Consumers can also use Google Shopping to find products is through the Google Shopping app, which is available on iOS and Android devices. On the app, users can search for specific items, see trending items, see promotional offers, browse departments, and place orders. Unlike the Google Shopping webpage, users cannot browse stores or leave reviews on the app. 

Google Shopping Mobile App

Google Assistant

The final way consumers can use Google Shopping is by placing orders through Google Assistant (an artificial intelligence developed by Google that is available on mobile and Google smart home devices). Google Assistant can only purchase products or bring up search queries. 

Google Shopping Assistant

Google Shopping + Shopify  

In May 2021, Google announced that it was going to expand its partnership with Shopify, enhancing user experience and easing the buyer’s journey for consumers. This allows users more options and capabilities when searching for products on Google Shopping while also allowing Google to position itself to be more competitive with ecommerce giant, Amazon.  

Through this partnership, products on Shopify sites are more discoverable across Google through Search, Maps, Lens, Images, and YouTube “with just a few clicks.”  

Google Shopping Graph for Spotify

In this announcement, Google also explained the evolution of their shopping technology, Shopping Graph. According to Google:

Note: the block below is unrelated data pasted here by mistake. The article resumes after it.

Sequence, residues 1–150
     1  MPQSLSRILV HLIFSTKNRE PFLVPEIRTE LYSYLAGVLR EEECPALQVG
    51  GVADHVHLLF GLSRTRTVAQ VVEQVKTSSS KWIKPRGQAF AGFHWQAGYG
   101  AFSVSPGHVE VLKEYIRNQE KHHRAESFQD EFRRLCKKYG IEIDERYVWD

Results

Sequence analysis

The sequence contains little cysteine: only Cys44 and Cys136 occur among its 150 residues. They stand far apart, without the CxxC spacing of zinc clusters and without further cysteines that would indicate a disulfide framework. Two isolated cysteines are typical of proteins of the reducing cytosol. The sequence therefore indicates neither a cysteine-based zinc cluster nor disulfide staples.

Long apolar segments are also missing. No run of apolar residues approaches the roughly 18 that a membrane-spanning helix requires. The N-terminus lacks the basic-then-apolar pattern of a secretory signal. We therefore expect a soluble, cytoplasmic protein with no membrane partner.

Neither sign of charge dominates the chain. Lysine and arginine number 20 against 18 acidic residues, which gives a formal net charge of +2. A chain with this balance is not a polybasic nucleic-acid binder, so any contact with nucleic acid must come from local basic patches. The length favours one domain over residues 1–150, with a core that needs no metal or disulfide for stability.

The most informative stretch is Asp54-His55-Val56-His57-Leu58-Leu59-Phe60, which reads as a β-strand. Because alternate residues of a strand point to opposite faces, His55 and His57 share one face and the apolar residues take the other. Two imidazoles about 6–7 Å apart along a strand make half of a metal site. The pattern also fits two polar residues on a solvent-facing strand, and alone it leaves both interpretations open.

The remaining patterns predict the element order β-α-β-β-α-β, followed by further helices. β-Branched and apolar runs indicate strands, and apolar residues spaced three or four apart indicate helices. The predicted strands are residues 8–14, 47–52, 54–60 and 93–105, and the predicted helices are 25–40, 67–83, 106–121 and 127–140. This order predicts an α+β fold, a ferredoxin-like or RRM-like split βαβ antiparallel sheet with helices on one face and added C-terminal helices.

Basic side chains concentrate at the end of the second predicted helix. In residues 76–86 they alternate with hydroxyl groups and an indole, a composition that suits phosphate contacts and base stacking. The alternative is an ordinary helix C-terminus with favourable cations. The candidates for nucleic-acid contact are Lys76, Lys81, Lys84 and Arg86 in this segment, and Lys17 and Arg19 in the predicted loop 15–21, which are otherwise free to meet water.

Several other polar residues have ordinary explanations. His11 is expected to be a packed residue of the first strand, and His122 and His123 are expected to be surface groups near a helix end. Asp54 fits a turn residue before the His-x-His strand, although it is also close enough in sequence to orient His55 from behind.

“The Shopping Graph is a dynamic, AI-enhanced model that understands a constantly-changing set of products, sellers, brands, reviews and most importantly, the product information and inventory data we receive from brands and retailers directly — as well as how those attributes relate to one another. With people shopping across Google more than a billion times a day, the Shopping Graph makes those sessions more helpful by connecting people with over 24 billion listings from millions of merchants across the web. It works in real-time so people can discover and shop for products that are available right now.” 

Through this technology, Google can better market and sell Shopify’s products. One way they do this is through the Lens tool. When a user clicks on an image containing a product they are interested in, they can zoom in, signaling Google Lens to crawl the web and match the image with its product listing. This tool is beneficial to both consumers and sellers, as it creates an easy process to match demand with supply.  

In addition to the Lens feature, the Google Chrome browser will display shopping carts containing not-yet purchased items for users to come back to if they forgot about them. This comes as the buyer’s journey is not always a straight line from start-to-finish. Oftentimes, shoppers will come back to a listing numerous times before making a purchase. By adding the shopping carts to the browser, Google gives users the opportunity to return to their carts (and their shopping experience as a whole) with ease.  

As Google rolls these changes out, Shopify is releasing expansions of their own. Coming late 2021, Shopify announced that it will add its “one-click checkout” option for shoppers on Google Shopping as it already has on Facebook and Instagram. The company’s Shop Pay addition makes payments faster, more efficient, and more secure for users while increasing conversions for sellers. The new offering will prove to be extremely beneficial as it will tag onto Google’s already released additions to create an even better user experience.  

Like Google’s partnership with Shopify, the company will soon also offer free services to WooCommerce, GoDaddy, and Square. Through this increase in retailer choices, consumer choices will increase as well. 

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More About the Author

Michael Janney